In analyzing the deception which Wohlberg is setting forth in this journal dedicated to the affirmation of what Seventh-day Adventists believe, let us note first a very simple fact as given in Revelation. Armageddon is not a battle but a place - a place where "the battle of that great day of God Almighty" focuses. (Rev. 16:14). The Greek word for "place" (τόπος) is a part of our English word, topography. It was used by Jesus (John 14:2) when He promised the reality of the future - "I go to prepare a place for you." Jesus was not spiritualizing away Heaven when He declared, "In my Father's house are many mansions."

The word, τόπος, is also used in Heb. 12:17, where it defines the experience of Esau who, in selling his birthright, passed the point of no return. This is equally true of those whom the "spirits of devils" gather to the "place called in the Hebrew tongue Armageddon." They have passed the point of no return in their rebellion against God.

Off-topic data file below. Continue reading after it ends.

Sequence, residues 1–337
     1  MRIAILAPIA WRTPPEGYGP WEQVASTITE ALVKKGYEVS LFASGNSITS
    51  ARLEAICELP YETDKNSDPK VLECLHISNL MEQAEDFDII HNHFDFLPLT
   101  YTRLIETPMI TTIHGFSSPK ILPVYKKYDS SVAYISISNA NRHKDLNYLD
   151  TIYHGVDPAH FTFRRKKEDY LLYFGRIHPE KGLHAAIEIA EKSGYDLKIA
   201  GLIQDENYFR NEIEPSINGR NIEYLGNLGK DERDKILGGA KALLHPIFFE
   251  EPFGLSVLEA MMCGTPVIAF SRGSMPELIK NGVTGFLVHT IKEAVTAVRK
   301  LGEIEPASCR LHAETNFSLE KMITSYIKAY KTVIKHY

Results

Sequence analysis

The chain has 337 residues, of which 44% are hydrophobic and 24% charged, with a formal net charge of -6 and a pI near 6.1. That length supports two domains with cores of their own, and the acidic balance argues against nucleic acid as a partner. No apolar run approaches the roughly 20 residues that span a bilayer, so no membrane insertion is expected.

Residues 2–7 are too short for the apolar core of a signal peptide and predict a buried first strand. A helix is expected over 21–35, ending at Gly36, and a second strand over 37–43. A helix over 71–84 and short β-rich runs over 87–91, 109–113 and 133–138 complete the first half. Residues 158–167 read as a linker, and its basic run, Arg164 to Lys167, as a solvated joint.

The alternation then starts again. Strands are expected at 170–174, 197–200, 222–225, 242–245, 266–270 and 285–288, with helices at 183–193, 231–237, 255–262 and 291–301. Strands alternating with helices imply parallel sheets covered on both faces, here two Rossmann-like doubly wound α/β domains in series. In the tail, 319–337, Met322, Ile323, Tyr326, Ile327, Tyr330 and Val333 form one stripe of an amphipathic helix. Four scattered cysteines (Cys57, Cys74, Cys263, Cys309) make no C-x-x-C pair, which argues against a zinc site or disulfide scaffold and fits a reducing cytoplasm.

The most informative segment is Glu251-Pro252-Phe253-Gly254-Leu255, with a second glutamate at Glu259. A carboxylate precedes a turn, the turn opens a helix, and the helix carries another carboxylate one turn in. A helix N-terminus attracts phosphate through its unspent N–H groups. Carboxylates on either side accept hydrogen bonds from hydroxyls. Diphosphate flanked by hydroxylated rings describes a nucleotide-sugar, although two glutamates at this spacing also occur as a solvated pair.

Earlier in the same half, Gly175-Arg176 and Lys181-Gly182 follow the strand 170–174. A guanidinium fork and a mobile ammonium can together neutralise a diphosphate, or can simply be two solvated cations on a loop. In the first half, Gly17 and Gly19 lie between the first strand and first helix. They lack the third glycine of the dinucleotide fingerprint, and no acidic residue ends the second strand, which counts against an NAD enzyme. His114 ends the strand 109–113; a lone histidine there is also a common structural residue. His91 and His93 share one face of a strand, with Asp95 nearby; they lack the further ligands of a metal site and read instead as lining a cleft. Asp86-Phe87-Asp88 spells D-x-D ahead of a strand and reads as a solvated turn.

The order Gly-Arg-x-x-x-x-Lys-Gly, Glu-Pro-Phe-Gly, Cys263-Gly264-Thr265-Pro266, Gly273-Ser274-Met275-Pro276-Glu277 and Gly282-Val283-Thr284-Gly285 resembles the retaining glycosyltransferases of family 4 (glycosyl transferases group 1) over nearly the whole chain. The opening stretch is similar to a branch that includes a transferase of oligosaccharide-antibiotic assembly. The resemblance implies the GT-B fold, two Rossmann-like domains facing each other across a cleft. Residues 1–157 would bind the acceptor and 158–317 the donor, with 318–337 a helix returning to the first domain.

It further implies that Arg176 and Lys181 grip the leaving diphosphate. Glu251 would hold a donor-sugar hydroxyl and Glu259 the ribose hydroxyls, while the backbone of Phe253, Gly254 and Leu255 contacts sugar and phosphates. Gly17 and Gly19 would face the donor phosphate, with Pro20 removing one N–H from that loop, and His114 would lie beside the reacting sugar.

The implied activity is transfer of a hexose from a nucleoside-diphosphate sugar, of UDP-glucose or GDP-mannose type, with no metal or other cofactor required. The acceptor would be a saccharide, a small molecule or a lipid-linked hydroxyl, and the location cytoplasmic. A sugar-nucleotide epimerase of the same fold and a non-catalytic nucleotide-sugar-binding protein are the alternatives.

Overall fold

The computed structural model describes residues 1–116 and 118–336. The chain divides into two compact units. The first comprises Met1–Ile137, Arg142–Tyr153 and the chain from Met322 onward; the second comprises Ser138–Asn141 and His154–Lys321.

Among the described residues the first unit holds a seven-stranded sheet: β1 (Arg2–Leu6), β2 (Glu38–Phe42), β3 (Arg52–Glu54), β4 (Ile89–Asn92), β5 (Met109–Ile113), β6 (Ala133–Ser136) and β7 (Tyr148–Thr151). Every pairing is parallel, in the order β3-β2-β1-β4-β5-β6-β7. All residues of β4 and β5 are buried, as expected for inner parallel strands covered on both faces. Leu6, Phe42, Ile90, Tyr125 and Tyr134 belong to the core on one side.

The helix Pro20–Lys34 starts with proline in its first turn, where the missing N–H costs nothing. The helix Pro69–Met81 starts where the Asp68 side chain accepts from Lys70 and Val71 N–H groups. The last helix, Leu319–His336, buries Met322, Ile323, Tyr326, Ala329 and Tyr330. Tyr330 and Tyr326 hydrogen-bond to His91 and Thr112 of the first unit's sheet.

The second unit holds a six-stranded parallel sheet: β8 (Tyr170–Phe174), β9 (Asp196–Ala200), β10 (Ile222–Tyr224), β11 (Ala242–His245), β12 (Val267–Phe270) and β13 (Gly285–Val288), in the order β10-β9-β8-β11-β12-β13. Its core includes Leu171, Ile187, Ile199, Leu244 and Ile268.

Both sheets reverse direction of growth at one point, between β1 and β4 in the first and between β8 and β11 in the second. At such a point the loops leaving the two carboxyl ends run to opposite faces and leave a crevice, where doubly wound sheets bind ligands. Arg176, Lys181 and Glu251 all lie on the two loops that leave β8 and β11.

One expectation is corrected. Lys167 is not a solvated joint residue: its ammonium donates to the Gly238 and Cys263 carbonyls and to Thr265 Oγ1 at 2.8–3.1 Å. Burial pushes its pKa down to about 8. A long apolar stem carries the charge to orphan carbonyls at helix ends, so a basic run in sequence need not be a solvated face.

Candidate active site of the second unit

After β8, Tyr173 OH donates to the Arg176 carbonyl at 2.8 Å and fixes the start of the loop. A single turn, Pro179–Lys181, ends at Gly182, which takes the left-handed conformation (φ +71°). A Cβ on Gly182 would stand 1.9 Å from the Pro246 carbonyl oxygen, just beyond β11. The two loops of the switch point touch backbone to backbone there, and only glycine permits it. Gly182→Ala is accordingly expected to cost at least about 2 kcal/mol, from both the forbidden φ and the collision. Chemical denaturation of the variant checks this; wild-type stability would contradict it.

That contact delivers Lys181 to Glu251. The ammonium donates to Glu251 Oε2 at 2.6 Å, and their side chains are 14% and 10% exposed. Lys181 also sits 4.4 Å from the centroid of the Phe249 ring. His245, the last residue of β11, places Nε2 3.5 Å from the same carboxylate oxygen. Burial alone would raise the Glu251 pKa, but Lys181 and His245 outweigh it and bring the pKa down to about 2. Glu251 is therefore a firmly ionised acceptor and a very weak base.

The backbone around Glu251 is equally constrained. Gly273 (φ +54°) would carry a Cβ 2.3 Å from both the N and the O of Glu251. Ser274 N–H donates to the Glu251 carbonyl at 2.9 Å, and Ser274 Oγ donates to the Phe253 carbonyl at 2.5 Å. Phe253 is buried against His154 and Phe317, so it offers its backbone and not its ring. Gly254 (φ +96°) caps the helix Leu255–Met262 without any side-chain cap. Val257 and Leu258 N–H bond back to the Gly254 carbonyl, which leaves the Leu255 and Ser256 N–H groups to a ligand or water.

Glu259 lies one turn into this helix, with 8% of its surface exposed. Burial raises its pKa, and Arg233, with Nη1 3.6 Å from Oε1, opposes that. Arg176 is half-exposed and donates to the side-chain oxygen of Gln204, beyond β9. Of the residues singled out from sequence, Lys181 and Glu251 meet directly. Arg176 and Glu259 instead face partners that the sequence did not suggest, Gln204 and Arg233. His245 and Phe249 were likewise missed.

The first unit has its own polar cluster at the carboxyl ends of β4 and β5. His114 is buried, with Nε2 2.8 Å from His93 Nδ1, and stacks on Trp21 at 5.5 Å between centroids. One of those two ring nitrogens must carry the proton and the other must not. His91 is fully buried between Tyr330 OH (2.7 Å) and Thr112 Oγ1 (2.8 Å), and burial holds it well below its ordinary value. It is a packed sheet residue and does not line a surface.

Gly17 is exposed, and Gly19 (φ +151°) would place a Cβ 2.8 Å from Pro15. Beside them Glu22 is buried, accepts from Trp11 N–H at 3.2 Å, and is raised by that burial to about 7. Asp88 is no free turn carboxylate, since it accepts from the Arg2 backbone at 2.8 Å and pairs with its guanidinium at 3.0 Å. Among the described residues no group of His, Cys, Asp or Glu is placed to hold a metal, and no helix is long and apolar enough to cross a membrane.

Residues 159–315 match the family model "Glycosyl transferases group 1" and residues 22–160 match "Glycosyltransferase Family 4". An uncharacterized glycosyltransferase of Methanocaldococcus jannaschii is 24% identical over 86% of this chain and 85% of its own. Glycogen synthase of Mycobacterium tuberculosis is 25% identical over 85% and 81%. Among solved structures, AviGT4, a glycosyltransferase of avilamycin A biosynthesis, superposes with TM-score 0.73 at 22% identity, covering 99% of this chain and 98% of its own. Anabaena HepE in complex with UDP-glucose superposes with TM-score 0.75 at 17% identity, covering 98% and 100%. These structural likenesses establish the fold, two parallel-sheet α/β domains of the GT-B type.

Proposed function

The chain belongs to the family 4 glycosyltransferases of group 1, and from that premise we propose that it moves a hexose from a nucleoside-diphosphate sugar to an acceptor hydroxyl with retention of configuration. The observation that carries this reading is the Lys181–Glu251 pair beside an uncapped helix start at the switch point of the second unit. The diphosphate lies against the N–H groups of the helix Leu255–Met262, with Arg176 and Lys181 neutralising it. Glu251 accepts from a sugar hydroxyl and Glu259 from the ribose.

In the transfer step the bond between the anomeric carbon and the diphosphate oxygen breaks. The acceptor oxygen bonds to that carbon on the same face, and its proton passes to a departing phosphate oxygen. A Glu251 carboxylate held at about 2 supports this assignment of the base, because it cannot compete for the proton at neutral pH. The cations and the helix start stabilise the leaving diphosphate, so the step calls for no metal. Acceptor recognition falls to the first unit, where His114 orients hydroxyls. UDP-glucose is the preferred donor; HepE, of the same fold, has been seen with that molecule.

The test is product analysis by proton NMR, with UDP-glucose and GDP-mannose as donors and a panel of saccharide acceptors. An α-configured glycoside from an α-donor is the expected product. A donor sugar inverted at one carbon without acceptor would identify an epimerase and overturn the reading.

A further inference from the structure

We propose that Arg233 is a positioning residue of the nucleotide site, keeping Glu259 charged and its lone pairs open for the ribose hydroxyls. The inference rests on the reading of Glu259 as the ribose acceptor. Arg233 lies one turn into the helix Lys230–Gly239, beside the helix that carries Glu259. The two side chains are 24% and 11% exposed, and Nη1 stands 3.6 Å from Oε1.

A second factor which Wohlberg ignored whether in ignorance or intentionally is the fact that the plague is one thing in Revelation 16, and the cause is another thing. For example, the first plague, "noisome and grievous sores" fell on those who had received "the mark of the beast, and upon them which worshipped his image" (verse. 2). The "mark" and the "image" took place in probationary time, the plague comes after the close of probation. The same is true of the sixth plague: The gathering together into "the place" by the "spirit of devils" is prior to the close of probation, the drying of the water of the great river, Euphrates, is after the close of probation.